In a recent article for the New York Times, titled “Skipping Over Rote in Indian Schools,” a new tactic in the Indian education system was explored. In a country where the literacy level is only 64%, and the underprivileged are often left without a voice or any real chance at opportunity, India is taking steps to restructure government schools for the nearly 500 million children in the education system. As is the incentive with the majority of projects like this in any country, a leg up in global competition plays a part in motivation. Moving away from the strict and authoritarian methods of rote memorization and regimented drills and testing, projects and presentations now have a place in the five-year project funded by Azim H. Premji–one of India’s richest men. With this restructuring of the school system come the questions: “What do we really mean by education? How can it be measured? How can we teach our children to learn and retain meaning?
One Indian teacher, Pradeep Prandley, addressed the changes made in many Indian assessments that reflect the incorporation of many of these questions as he stated: “Before, we had a clear idea of the answers and the child had to repeat exactly what we had in mind…We can’t keep doing what we did in the past, and pass them without letting them learn anything.”
Though this is a movement going on half way around the world, the issue of true learning that Mr. Prandley (and the various efforts of the Premji Foundation) analyzes is one that is just as important to contemplate in our American education system. Though in many ways our system is a model for the restructuring of the Indian education system, (i.e. the project based learning opportunities and interactive classes that were pioneered by Westernized education) we still include what seems to me to be rigid and inauthentic methods of testing and teaching. Rote memorization and “cramming” were common experiences for me in middle school and high school, and they occurred just as often as the alternative. I think that we need to incorporate methods of “authentic testing” into our curriculum just as many Indian schools are attempting to do. We need to take the focus off of letter grades and arbitrary ratings, and try to focus on goals that create more meaning for our children and for the future of our world.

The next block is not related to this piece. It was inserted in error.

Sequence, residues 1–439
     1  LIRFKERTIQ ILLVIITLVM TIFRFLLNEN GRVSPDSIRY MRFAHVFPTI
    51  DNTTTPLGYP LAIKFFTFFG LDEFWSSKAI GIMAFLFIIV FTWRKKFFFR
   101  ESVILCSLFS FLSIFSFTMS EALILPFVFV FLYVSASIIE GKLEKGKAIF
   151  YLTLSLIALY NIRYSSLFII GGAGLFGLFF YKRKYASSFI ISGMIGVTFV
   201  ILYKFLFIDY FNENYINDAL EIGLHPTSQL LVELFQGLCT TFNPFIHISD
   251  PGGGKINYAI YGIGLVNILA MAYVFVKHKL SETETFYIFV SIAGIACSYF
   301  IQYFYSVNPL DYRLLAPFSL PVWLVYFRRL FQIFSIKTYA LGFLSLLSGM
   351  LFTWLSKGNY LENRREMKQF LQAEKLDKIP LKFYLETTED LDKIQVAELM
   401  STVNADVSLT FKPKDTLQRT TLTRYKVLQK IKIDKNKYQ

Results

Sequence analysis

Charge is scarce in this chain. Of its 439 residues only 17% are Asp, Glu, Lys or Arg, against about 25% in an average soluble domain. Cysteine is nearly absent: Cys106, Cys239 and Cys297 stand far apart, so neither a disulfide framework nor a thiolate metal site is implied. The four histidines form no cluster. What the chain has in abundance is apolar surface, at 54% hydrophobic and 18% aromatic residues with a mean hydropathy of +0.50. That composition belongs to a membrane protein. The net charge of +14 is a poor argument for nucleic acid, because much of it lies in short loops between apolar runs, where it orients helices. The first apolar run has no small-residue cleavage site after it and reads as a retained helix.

This idea is one that David Orr, well known environmentalist and author of the book “Earth in Mind,” takes time to address in his rant about the problem with American education. Pointing out that American culture and its arrogance in believing that we are the “pinnacle of human achievement,” Orr asserts that we must rethink our skewed perception of American superiority, and that this rethinking begins with the way we define the purpose of our education. He tells us that “the goal of education is not mastery of subject matter but mastery of one’s person…knowledge carries with it the responsibility to see that it is well used in the world” (Earth in Mind, 13). To do this, Orr proposes that we hire teachers who incorporate care, thoughtfulness, and ideals. He tells us that we must eliminate “indoor learning,” and teach our students that learning does not take place only inside of four walls. In a country where finding a “career” becomes the central question of identity, we don’t learn what it means to question and waver. We are taught to find direct paths and make five-year plans. We are taught that the world is divided–into disciplines and subjects and threads. In reality, it’s a web. Like David Orr, I worry that the sense of wonder we all possess as children is stifled as we memorize facts and rules and continue to color in the lines. We teach about our “rights” to happiness and success, but not about what it means to be a good citizen. In order to make all of the great changes our generation needs to (in the terrifying face of global warming, extreme violence, and economic failure) we need to be taught to see things more holistically–to apply our knowledge in a realistic way. Too often, we graduate from educational institutions with a list of letters, and feel lost to put all of those hours writing with cramped hands and typing under fluorescent lights to use. Understanding that we need to judge intellect in a way that doesn’t just involve red check marks, gold stars, and GPAs, we need to adjust the way we rank our educational institutions.